Fairy Godmother
Baba Yaga (Slavic)
Elli (Norse) Pilate the Crone Born without a navel
Guides Milkman on his quest for answers
Believes in voodoo and magic
Lives outside of society Famous Fathers:
Odin (Norse)
Lord Capulet (Shakespeare) “You a big man now, but big ain’t nearly enough. You have to be a whole man.
And if you want to be a whole man you have to deal with the truth.” Macon Dead Promotes masculinity
Controls his family and uses them for his own ends
Wants to control his son
Common part of African myths is that the father is worried that the son will overthrow him
Milkman's retaliation and burden of "truth" "Praisesong for the Widow" “O Sugarman done fly away/Sugarman done gone/Sugarman cut across the sky/ Sugarman gone home… A few of the half a hundred or so people gathered there nudged each other and sniggered. Others listened as though it were the helpful and defining piano music in a silent movie. They stood this way for some time, none of them crying out to Mr. Smith, all of them preoccupied with one or the other of the minor events about them, until the hospital people came.” “Milkman stopped waving and narrowed his eyes. He could just make out Guitar’s head and shoulders in the dark. ‘You want my life?’ Milkman was not shouting now. ‘You need it? Here.’ Without wiping away the tears, taking a deep breath, or even bending his knees- he leaped. As fleet and bright as a lodestar he wheeled toward Guitar and it did not matter which one of them would give up his ghost in the killing arms of his brother. For now he knew what Shalimar knew: If you surrendered to the air, you could ride it.” "Gonna forfeit the fifteen hundred dollars she paid for the cruise and then turn around and spend more money to take a plane home! Now what kinda sense do that make, will you tell me?" How? Norman asked.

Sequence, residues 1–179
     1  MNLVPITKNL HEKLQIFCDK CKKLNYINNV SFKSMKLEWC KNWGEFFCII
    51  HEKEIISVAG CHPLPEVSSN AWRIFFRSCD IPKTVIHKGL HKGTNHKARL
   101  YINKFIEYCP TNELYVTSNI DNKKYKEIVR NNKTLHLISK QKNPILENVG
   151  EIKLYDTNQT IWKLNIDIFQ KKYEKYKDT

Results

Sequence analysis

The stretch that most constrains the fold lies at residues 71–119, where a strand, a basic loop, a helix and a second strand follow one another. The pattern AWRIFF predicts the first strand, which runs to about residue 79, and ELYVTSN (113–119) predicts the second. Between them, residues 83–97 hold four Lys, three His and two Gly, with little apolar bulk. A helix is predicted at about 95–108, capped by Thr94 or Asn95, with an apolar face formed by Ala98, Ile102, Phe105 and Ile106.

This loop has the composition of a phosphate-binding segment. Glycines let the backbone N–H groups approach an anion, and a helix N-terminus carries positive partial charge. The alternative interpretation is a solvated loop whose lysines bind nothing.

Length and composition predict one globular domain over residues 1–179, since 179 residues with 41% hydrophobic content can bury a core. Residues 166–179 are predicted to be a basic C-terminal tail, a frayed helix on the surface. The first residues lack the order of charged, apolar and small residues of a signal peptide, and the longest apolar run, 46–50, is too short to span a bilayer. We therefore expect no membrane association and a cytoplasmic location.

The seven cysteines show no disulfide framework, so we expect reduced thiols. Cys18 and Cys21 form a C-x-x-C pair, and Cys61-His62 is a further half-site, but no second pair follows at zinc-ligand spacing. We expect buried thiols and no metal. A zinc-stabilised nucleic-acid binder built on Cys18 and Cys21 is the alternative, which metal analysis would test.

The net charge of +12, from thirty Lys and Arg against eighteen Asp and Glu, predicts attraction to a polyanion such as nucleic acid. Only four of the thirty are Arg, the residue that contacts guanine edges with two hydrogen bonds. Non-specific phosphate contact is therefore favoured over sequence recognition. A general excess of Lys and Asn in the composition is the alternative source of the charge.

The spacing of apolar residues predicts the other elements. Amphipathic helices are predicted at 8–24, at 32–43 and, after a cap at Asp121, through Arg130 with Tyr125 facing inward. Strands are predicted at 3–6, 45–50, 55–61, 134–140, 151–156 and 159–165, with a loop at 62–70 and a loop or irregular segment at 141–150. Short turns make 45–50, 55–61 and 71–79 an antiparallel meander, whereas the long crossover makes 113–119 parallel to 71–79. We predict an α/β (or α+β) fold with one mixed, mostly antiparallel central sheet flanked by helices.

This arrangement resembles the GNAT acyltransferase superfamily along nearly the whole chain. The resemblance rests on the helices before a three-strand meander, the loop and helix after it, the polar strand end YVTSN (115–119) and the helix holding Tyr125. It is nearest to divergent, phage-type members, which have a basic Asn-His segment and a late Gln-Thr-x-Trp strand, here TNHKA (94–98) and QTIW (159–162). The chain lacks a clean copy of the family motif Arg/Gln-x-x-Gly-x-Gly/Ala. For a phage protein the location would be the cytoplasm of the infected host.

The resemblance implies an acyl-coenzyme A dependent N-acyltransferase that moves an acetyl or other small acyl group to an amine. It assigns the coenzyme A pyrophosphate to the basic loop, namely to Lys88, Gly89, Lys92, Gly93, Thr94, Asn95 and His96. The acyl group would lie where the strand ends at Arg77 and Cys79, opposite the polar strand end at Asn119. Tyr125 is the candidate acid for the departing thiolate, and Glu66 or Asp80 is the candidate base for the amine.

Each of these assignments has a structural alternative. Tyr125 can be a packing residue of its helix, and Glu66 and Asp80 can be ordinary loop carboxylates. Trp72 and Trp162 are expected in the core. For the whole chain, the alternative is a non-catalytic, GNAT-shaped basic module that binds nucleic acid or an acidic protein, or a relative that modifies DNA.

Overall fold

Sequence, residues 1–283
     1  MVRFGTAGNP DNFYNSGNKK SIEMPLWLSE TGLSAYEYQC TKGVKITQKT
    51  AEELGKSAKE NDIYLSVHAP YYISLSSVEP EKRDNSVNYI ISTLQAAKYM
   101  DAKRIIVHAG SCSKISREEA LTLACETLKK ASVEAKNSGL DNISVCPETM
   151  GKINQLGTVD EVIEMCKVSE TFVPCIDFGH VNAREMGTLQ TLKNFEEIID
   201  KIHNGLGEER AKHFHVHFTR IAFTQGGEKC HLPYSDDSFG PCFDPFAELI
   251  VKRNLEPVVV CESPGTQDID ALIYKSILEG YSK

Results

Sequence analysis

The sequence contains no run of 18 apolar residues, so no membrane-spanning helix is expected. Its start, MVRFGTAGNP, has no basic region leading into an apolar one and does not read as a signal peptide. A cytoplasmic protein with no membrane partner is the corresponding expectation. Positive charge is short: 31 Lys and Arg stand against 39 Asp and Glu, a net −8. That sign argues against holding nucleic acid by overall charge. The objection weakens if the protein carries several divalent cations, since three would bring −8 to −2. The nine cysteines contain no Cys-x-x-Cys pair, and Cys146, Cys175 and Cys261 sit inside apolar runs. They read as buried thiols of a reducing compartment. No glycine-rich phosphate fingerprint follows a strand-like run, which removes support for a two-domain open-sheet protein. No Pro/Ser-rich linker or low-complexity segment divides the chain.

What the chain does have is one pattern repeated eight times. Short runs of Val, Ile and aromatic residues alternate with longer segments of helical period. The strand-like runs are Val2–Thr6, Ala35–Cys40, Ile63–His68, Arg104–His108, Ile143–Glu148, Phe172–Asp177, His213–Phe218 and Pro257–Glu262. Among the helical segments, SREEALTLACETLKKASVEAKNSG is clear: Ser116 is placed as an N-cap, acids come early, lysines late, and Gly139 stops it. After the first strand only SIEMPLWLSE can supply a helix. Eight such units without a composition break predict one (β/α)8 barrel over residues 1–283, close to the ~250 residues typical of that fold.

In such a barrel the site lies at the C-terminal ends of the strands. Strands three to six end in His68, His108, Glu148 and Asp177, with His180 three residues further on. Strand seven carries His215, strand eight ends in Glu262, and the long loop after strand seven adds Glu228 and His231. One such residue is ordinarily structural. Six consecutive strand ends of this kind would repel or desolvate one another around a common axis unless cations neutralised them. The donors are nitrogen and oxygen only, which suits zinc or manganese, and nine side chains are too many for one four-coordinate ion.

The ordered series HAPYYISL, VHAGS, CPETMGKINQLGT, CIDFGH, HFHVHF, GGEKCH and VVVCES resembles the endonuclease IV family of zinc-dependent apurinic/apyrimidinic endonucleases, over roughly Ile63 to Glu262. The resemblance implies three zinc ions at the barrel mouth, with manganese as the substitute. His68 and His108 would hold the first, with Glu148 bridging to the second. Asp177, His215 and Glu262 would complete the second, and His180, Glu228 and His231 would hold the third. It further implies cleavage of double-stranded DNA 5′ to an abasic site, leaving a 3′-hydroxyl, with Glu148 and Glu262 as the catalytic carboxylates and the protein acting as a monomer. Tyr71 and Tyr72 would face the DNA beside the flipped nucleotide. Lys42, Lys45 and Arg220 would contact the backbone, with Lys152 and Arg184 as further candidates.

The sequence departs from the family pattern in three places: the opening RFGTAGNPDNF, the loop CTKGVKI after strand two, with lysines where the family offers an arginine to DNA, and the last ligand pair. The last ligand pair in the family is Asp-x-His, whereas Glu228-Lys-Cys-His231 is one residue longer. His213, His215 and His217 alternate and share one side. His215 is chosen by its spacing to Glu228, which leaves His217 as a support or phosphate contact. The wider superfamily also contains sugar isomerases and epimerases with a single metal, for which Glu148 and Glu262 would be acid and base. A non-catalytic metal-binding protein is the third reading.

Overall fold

A lynch mob.
But you live.
I was saved by a man who could fly.

Normon collided with his dream. He wanted to say, "Can I fly?" but again the words were different. How do I find out where I comes from?

You'll discover the way. There is someone you must protect. Someone to pass on to what you will know. The Mother Older, protective, usually quiet, and very often the mother of the hero/maiden. Famous mothers:
Hera (Greek mythology)
Penelope (Odyssey)
Mrs. Frisby (Secret of NIMH)
Marge Simpson Ruth the Mother Mother of Milkman
Keeps mostly to herself
Deals with Macon's anger
Fiercely protective of her children